Last year, dozens of neighborhood groups were able to dip into the federal till for funds to revitalize their communities.
California migrant workers used the money to draw financing to build a tile factory that would give them steady jobs.
A coalition of clergy and citizens organized tenants to rehabilitate their apartment buildings near the South Bronx.
And, if all goes well, a Washington group will be able to help 400 low- to moderate-income tenants buy their own apartments.
The little-known Neighborhood Self-Help Program, administered by the Department of Housing and Urban Development, stresses flexibility, encourages self-help -- and operates on a small scale.
The program is slated to slip further into obscurity this year, however. It is targeted for elimination from the 1982 federal budget and its remaining 1981 funds will have to be rescinded because the $10 million program provides services that are duplicated elsewhere in the federal government.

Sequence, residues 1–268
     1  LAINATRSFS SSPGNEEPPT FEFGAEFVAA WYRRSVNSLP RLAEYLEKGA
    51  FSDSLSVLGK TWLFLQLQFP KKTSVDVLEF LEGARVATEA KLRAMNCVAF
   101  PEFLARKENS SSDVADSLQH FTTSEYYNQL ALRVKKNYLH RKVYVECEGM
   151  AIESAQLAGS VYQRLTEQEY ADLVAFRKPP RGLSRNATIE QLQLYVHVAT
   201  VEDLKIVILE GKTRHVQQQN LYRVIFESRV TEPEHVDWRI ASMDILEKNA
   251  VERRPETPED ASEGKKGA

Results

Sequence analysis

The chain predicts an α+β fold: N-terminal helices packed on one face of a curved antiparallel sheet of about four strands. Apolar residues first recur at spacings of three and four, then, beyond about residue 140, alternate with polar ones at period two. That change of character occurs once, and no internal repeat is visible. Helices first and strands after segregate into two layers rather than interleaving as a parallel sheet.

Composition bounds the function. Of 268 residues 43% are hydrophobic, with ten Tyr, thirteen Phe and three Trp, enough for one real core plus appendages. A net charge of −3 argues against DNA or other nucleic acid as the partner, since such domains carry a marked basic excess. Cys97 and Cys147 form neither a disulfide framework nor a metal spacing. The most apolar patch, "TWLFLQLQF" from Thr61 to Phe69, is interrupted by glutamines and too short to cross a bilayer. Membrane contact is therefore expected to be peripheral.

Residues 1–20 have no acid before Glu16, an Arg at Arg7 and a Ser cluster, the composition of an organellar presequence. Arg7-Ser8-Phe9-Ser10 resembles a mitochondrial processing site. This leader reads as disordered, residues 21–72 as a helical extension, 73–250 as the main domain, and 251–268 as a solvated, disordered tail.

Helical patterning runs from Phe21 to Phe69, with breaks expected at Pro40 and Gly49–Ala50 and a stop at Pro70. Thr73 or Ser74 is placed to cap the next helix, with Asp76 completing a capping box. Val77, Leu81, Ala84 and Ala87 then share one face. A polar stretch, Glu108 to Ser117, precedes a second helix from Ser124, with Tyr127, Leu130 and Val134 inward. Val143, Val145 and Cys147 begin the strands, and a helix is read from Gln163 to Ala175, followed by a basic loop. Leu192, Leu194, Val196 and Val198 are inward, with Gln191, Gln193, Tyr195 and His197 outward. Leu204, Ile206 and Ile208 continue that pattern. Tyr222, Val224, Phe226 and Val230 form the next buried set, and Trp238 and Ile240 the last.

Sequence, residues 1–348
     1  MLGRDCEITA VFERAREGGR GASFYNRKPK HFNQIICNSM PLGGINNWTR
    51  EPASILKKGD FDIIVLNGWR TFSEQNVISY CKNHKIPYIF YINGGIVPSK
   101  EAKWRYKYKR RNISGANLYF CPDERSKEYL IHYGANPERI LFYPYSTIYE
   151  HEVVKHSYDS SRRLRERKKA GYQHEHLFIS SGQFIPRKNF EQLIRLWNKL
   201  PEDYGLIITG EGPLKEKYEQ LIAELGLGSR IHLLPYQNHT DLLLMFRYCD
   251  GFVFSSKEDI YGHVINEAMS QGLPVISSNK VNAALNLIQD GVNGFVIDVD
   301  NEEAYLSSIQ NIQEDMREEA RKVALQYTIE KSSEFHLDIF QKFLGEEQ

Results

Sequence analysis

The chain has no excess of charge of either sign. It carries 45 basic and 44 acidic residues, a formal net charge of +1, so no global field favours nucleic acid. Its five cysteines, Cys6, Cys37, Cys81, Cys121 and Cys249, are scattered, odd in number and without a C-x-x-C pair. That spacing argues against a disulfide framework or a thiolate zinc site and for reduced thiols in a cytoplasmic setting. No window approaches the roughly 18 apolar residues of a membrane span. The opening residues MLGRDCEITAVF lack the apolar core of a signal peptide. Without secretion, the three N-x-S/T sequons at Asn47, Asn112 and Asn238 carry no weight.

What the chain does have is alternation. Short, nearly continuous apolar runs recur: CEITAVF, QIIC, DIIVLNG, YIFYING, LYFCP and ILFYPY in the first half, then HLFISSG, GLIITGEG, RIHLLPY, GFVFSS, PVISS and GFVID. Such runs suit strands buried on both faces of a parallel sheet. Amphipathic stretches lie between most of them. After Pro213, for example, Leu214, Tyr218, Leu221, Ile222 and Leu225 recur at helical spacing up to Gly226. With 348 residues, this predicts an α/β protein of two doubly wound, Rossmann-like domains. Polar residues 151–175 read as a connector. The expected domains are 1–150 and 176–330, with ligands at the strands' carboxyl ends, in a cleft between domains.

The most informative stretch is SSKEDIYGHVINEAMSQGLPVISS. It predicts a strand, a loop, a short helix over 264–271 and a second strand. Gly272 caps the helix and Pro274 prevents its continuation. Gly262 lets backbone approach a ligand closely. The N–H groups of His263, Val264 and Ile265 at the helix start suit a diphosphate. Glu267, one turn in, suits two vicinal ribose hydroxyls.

The self-help program was created by the Carter administration in recognition of the key role being played by neighborhood groups in rebuilding declining areas, said Father Geno C. Baroni, the HUD assistant secretary for neighborhoods, voluntary associations and consumer protection.
The program became "the new state of the art" that said "if we wait for city hall, we won't get [anything]," Baroni said. It also evolved from hard lessons learned by social planners in the 1960s and early 1970s: that without community support, structures built with federal money won't last in distressed areas.
Planning for the new program began in 1978, but funds were not distributed until 1980. The program was designed to provide groups with a modest amount of money -- $50,000 to $20,000 -- to be used to wrest more money from public and private sources. Groups could use grants to revitalize neighborhoods in any way. To qualify, a gorup had to submit complete plans for use of funds, and a letter of approval from the local mayor. c
A total of 1,300 groups applied, suggesting the vitality of community groups, notes former program director Joe McNeely. HUD was able to distribute 125 grants in 38 states. The funds helped to build 5,000 housing units and 250,000 square feet of office space and to create 4,500 jobs, he points out.